the Toronto Blue Jays played their last game of the 2009 season, Lyle
Overbay visited manager Cito Gaston in his office in the visitors’
clubhouse in Baltimore.
This was just two days after a story
broke that said Gaston had lost the confidence of his players because he
was too aloof, too “old-school.” A few veteran players, Overbay among
them, spoke publicly about a communication rift that had increasingly
undermined team morale as the season progressed.
Overbay was frustrated that Gaston had made him a platoon player. So
before the last game, the first baseman walked in and asked whether
Gaston had determined his role for 2010.
“He said, ‘I’m going to play you every day. You’re going to be our first baseman,’ “ Overbay recalled yesterday.
Then Overbay told another story.
remember early this season, we were looking for somebody and Cito’s
door was shut, and some of the guys didn’t want to knock on it. I said,
‘I’ll go knock on it.’
“I think after that, some guys saw it was
no big deal. It’s weird how he’ll sit there and preach how his door is
always open, but guys still won’t go in.”
Alright. That is that. Now, who is gonna lead this team to the promise land? Anybody got a favorite candidate?
agonize over every decision, more than I ever thought I would,” says
Anthopoulos, leaning back in a chair in an empty conference room in the
Rogers Centre. “God, every decision feels like it’s huge. You make
decisions, but before I make a trade I talk to everybody, ask a million
questions. It might sound a little bit insane, but it’s that important.
I talk to 10 people, maybe one gives me a link that leads to something
else. If the janitor has a good point to make, it might help us.”
likes the tension of an argument,” Jays president Paul Beeston says.
“Alex, he’s remarkable in that he doesn’t mind having the debate.”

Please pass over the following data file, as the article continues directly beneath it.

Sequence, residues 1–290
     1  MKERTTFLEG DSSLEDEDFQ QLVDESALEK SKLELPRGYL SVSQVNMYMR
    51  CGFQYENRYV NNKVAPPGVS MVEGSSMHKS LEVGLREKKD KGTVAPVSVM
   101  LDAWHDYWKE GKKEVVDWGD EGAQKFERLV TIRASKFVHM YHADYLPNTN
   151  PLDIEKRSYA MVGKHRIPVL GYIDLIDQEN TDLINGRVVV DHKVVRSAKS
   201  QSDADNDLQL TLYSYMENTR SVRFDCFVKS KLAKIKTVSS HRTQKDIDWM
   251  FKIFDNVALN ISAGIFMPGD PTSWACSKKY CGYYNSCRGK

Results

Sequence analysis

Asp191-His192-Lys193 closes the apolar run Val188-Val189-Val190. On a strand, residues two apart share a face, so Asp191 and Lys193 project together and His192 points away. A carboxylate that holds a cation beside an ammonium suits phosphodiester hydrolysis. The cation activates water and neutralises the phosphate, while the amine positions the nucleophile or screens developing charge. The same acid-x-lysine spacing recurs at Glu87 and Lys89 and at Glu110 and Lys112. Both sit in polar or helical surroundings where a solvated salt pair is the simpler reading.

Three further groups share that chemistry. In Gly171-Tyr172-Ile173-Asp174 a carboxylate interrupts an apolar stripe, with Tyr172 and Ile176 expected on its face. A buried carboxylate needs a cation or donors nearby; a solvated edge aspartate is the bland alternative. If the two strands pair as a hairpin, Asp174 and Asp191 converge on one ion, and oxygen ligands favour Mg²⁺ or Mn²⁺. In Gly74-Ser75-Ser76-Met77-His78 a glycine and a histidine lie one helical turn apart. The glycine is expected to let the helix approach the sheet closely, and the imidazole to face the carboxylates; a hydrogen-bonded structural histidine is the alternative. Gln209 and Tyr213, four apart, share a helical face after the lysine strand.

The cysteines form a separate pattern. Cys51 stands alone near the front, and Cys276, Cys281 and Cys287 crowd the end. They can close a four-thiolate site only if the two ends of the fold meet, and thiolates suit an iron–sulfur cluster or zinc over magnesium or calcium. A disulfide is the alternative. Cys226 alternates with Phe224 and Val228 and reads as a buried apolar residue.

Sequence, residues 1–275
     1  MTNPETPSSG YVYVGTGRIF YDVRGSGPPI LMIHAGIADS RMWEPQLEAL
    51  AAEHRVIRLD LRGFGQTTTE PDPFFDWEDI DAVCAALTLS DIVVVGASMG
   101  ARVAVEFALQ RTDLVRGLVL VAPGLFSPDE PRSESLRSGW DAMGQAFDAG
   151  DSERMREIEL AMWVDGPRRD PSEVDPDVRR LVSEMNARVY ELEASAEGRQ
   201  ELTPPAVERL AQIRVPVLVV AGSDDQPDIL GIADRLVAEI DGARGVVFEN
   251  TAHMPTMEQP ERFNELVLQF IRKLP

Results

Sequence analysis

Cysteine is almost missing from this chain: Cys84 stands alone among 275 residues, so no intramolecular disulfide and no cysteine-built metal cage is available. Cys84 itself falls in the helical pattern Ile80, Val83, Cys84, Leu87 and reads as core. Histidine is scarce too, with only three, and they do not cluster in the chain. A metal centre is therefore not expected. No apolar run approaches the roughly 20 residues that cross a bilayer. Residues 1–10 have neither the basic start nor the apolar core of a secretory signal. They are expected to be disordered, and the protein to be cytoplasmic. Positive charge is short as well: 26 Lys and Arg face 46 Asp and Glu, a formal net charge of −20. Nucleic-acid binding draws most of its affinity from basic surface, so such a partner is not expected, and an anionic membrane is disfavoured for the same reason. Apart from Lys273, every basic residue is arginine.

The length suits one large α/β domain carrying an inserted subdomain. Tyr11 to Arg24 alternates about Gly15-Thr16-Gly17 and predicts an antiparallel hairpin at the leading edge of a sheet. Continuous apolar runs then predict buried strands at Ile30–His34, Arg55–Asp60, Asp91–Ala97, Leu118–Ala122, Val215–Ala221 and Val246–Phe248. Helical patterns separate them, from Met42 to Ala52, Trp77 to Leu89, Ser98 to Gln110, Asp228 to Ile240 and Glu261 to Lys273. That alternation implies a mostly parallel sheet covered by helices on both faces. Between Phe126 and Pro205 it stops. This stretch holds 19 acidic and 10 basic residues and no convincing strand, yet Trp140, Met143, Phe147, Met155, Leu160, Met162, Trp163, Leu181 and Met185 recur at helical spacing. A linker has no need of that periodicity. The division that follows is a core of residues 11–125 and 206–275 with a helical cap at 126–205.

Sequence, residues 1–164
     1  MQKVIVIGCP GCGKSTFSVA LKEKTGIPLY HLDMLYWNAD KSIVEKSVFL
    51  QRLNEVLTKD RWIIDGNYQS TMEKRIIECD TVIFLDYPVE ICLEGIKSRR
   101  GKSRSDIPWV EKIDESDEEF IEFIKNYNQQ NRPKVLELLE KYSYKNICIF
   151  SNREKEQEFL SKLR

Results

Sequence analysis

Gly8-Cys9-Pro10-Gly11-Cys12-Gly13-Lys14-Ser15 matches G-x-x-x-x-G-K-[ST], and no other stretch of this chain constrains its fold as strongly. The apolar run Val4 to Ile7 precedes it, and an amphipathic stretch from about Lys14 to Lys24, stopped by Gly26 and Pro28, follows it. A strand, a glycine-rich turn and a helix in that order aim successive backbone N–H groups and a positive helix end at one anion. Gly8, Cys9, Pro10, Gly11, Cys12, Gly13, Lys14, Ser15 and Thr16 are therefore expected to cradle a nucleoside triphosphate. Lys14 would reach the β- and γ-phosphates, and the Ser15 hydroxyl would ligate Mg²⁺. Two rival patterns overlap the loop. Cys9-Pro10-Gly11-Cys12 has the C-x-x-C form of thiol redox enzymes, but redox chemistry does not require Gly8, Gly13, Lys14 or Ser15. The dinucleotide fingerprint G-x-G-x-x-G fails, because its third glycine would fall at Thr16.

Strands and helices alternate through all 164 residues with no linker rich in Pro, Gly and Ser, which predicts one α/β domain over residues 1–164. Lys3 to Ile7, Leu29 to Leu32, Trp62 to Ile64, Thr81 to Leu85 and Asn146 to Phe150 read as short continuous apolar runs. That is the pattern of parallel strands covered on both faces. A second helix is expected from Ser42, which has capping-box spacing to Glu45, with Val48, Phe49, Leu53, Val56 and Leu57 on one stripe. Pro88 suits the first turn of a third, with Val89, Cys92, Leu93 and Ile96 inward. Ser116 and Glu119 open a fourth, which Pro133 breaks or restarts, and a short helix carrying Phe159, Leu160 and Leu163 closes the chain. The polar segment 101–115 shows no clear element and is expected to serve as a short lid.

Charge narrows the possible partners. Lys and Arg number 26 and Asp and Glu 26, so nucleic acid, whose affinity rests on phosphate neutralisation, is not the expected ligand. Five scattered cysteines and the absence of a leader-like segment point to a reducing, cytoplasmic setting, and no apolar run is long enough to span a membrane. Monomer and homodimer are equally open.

An insightful piece on our General Manager and all the challenges he has faced in his first year on the job.
For now let us merely note that if Frantz has the guts to make an actual
accusation, he should make it. To state, in plain language, that he
doubts that Bautista's accomplishments are genuine. To do otherwise --
to make oblique reference to
the mere possibility that Bautista cheated and to blame
figures who haven't played baseball for several years for "the questions
that remain" -- is cowardly.
And that goes not only for Frantz,
but for anyone who wishes to join in the increasingly popular pastime
of trashing Jose Bautista. Ladies and gentlemen: if you have evidence,
or even reasonable suspicion that Bautista -- a
player who has had at least two PED tests this season -- has used PEDs,
come out and say it. If you don't, please spare us your insinuations to
Hey Damien "Suck My" Cox, I think he's talking to you.
Hill was openly displeased when manager Cito Gaston took him out of
Sunday’s game after the seventh inning. The Toronto Blue Jays’ second
baseman, who has struggled at the plate all season, was not in the
lineup for Monday night’s game against the New York Yankees.
“He’s fine,” Gaston said before the game. “I just want to give him a
day off to rest his mind and just clear his head. He’ll be back in there
I hope Aaron can get off to a hot start next season. We need him. We really do.
These guys are supposed to be really damn good. And all of them were
really damn good at one point, because that's how you convince someone
to give you $20M per year to do something. But how have the four members
currently in New York's $20 Million Club fared this season? Well, if